PEOPLE TELL ME ALL THE TIME THAT THEY'RE "COMMITTED" TO DOING SOMETHING. AND YET THEY DON'T DO IT...OVER AND OVER AND OVER.
WHY IS THIS?
Oftentimes, the hidden reason lies in their thoughts around "the thing." You see, there's a big difference between INTENTION and COMMITMENT. People frequently confuse the two.
If you "intend" to go to a friend's birthday party, but you don't block out the time in your calendar, or make sure your car has gas, or get a babysitter ahead of time, then it's a lot less likely you'll actually end up going to the party.
On the other hand, if you are "committed" to going to the party, you'll make sure your calendar is clear that evening. You'll get a good night's sleep the night before. You'll put whatever pieces and actions in place to make sure you get to that party!
HERE'S ANOTHER PERSONAL & REAL EXAMPLE OF MY OWN:
My husband recently found out he is receiving a promotion at work (Woohoo!) that will be moving us back to Louisiana ("Yay!" to be closer to family, but at the same time "Ugh!" because it means selling our house, looking for another one, me starting over musically in a new place, etc.)
These are all important things to consider.
But here's another big thing--I am COMMITTED to being a musician wherever I am. This means as of now, I am COMMITTED to being a musician in Louisiana.
When I first learned about the move, I started letting my mind run wild:
In letting my thoughts loose, I remembered hearing about a traditional jazz camp for adults each summer in the French Quarter.
After a quick Google search, I found the camp, looked up the details and decided I was committed to going. There was only one problem--they were already full for my instrument (voice).
But I was committed to going, remember? I had even blocked the week out on my calendar.
So I sent in an email to get on the waitlist. I mentioned my vocal background, that I'd be moving to the area and would be happy to volunteer in some capacity as a way to participate if they needed extra help.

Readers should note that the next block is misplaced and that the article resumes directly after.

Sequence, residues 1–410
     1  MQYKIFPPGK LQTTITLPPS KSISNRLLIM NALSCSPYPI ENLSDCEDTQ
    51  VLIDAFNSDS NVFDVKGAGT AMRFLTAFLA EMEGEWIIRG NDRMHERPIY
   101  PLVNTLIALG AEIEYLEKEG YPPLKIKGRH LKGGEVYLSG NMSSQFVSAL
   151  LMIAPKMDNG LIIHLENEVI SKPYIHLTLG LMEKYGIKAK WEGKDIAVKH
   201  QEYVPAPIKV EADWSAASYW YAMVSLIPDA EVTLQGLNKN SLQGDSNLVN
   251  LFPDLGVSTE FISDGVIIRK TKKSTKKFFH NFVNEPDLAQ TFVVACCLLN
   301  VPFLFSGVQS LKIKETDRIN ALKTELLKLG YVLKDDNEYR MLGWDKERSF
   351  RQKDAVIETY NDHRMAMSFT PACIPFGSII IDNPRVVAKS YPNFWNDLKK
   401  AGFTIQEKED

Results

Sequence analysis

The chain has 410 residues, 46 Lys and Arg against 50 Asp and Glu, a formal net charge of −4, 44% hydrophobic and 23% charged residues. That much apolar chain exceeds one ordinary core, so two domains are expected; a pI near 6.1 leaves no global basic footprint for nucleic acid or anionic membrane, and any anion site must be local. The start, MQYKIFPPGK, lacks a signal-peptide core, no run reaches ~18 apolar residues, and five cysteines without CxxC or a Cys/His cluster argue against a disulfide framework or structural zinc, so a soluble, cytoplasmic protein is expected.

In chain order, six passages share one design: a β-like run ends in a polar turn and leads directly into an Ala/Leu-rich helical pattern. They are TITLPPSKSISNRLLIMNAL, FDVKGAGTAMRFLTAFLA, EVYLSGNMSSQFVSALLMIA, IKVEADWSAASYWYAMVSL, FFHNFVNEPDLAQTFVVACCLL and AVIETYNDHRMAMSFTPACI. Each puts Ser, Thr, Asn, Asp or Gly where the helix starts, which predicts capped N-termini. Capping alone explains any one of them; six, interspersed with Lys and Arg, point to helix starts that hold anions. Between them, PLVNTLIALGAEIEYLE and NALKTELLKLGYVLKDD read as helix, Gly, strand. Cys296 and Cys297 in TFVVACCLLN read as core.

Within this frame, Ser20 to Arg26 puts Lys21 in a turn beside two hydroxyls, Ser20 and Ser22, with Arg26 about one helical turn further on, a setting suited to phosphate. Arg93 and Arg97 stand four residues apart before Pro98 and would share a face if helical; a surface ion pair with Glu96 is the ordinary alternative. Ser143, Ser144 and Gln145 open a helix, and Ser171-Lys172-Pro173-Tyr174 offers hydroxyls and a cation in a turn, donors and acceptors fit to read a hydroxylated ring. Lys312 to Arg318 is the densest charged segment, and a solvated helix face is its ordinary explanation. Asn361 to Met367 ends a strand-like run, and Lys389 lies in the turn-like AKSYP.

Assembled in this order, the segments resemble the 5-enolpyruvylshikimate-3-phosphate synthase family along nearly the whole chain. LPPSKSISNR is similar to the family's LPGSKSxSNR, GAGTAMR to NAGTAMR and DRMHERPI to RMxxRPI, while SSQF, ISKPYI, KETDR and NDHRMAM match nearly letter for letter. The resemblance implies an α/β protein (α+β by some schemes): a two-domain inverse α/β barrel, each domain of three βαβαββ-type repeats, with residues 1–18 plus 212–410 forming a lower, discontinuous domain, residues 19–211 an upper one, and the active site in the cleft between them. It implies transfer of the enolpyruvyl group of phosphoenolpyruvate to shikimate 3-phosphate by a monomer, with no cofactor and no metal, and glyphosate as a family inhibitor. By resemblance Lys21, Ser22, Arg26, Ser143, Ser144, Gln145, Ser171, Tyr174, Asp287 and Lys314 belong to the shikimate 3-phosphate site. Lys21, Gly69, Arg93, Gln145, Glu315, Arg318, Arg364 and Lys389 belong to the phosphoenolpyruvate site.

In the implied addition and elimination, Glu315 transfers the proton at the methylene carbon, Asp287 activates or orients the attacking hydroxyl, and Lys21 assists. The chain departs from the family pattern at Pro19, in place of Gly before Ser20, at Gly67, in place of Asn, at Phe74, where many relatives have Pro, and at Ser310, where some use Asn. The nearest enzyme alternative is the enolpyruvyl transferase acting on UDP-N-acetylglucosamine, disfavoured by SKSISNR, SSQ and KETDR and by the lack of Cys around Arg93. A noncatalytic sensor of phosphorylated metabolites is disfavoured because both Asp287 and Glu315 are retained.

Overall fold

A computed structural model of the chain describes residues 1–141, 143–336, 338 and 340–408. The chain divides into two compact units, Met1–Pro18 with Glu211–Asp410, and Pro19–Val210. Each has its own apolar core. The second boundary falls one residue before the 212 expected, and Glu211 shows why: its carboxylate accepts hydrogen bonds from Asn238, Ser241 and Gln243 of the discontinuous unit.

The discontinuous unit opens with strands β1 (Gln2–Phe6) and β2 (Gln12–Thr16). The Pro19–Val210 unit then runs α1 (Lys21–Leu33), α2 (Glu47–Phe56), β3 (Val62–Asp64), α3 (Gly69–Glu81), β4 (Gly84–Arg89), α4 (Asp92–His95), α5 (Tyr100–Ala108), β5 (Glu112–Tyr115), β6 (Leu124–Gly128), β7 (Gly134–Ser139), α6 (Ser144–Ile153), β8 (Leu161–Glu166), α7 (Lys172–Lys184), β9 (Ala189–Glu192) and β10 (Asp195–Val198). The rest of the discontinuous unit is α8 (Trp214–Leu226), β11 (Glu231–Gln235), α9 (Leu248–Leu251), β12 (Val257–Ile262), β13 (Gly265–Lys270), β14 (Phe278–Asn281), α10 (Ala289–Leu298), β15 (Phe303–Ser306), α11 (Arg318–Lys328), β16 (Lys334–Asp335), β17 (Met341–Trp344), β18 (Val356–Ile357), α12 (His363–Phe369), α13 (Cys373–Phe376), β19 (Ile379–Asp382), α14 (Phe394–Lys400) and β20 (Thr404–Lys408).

I also reached out to a musician friend who did the camp last summer to see if he had any suggestions of how I might get in. He let me know about the public performances and jams I could attend in New Orleans even if there wasn't a place for me in the camp sessions.
I then enrolled my husband in my desire to attend this camp (it's not free, so that definitely took commitment on my part).
And finally, I decided I would attend all the public events no matter what.
A couple days later, I received an email from the director. "A vocal spot has just opened up. Can you send in a few sample recordings of yourself singing?" she asked.
And since I am committed to being a musician, I had recordings to send her. I had a YouTube channel and website. I was prepared because I am committed.
The point of this story is not that I got in (which I did. Yay!). The point is that there were plenty of obstacles that tested my commitment. I could have let numerous roadblocks stop me, and if I only "intended" to be a jazz musician in Louisiana, that may have been the end of this story.
What is it that you say you are "committed" to but now are realizing you only "intend" to do? It might be time to reexamine that thing and get off the fence--do you want to commit, or is this thing worth releasing for now? (P.S. You can change your mind as you enter different stages of life.)
Ashley Orlando is a jazz vocalist/ukulele artist and coach who helps growth-focused leaders find their voice, grow their presence & amplify their impact.